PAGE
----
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Thread: Workshop tour- new finishing room, metal shop, woodworking, and merrymaking

  1. #1
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    Workshop tour- new finishing room, metal shop, woodworking, and merrymaking

    You may remember that I went in with a couple of other guys to pool tools and money and make a dream workshop. That is why you havenít heard from me in a while. I have been busy building a finish room, moving all my stuff, hanging slatwall, etc. This video was taken after a long day of man glitter making, and the shop is as it is during use- no cleanup for the camera.

    Here is is the link to the vid. Fast forward to 0:45 to skip me yacking about mangoes and Sahara dust, which I thought I had edited out.

    https://m.youtube.com/watch?v=krdJfezDKiQ

    A few notes:

    I got a steal on some 3/4Ē treated ply, and the finishing room is skinned wall-to-wall in that, as is the other side of that wall, which was then skinned in slatwall. I paid $17 a sheet for the 3/4 ply, so it was cheaper than Sheetrock. Shop is open air so I am not worried about using treated ply. It is the way to go down here. Hanging stuff is easy- 3/4 ply everywhere. Just screw it in where ya want it.

    Also, some of the cabinets do have the missing glass for the doors, which I will put in- some day. Cabinets were left behind by previous shop owner who was a cabinetmaker. I paid $300 for all cabinets and some leftover plywood. Not bad.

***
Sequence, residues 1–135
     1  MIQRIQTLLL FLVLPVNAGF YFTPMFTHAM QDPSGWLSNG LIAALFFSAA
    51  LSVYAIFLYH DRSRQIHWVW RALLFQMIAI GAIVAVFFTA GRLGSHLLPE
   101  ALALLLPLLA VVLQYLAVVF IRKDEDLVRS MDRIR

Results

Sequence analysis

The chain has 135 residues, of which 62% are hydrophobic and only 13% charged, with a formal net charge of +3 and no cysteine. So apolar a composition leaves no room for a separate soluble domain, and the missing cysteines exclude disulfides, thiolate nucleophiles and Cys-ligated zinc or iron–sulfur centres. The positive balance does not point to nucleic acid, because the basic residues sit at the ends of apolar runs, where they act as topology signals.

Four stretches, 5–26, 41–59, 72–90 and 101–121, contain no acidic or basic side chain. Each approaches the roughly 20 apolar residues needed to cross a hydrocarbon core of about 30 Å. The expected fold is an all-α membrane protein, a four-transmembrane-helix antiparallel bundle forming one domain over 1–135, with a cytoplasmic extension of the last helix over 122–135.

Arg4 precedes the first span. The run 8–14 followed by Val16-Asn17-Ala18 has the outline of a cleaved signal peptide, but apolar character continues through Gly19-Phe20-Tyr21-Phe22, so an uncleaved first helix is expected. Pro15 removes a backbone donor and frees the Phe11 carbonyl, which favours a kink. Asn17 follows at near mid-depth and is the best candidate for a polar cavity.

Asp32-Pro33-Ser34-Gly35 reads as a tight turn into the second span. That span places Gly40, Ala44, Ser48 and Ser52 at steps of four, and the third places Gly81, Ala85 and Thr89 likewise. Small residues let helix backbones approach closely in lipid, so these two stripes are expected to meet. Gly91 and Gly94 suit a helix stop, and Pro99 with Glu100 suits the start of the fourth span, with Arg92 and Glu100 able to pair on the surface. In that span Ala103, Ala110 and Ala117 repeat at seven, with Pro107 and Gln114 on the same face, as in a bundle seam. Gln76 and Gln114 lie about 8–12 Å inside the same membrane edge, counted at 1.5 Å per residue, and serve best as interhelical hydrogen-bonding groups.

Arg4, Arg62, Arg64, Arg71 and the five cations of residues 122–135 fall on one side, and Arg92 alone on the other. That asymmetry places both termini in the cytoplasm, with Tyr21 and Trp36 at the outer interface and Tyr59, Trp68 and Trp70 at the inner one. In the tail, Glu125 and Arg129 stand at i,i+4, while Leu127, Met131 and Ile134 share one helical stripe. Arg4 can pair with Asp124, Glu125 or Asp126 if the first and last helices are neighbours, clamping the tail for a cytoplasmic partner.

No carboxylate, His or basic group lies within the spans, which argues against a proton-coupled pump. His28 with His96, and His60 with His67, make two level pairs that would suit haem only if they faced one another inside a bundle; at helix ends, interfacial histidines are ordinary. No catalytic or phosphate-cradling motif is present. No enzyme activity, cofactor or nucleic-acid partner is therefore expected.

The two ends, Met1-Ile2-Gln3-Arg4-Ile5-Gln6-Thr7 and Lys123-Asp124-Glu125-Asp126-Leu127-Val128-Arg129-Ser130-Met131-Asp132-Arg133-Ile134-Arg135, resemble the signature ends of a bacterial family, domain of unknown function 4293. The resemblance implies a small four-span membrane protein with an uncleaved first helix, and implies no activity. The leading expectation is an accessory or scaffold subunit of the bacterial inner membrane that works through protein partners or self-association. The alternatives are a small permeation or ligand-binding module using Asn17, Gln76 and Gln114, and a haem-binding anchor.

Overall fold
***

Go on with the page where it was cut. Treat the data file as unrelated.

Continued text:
All lighting is LED throughout the shop.

    Vince (metal shop) is a Dewalt guy; Iím a Milwaukee guy. We have a lot of fun with that. I bought him the Dewalt banner. Recently he bought a Milwaukee nail gun and a Milwaukee hydraulic drive impact gun (after using mine and loving it.) I put a Milwaukee banner over the Dewalt sign, just to mess with him, and started calling him a converter. It ended up by my sink. Normally I donít put up branding in my shop- these were just fun pranks.

    The ramp is mainly for bikes, but is nice to have. Ramp and stairs easily remove for dock height loading.

    The jointer is a 12Ē Grizzly. I love it, but am going to build a bigger infeed/outfeed for it. I build a lot of big stuff: doors, beds, boats... and frequently joint 8í lumber. I built table extensions for the shop where I teach, and it is a great thing to have. The planer is a 15Ē knockoff of a Powermatic, and I hate it. Saving up for a bigger, better one.

    One person is a welder/Mr. Fixit by trade, another is a lawyer by day, and restores antiques by night. Me, well, I make messes and clean them up, over and over just for fun. I teach woodworking by day, and go figure- I get done and head to my own shop to do more woodworking. Safe to say I enjoy woodworking. The shop is more hobby than business, but I take on occasional stuff that interests me, but only if it is something crazy that I want to be challenged by. Oh, and yes, I retired early from the corporate life, so there is much less jet-setting now and more woodworking. I now teach woodworking at a program for at-risk youth, and my only regret is I didnít do it sooner.